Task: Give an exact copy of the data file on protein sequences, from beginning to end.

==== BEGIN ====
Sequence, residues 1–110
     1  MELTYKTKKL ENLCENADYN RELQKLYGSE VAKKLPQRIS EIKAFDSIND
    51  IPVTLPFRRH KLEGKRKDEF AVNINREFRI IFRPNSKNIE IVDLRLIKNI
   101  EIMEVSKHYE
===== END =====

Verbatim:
Sequence, residues 1–110
     1  MELTYKTKKL ENLCENADYN RELQKLYGSE VAKKLPQRIS EIKAFDSIND
    51  IPVTLPFRRH KLEGKRKDEF AVNINREFRI IFRPNSKNIE IVDLRLIKNI
   101  EIMEVSKHYE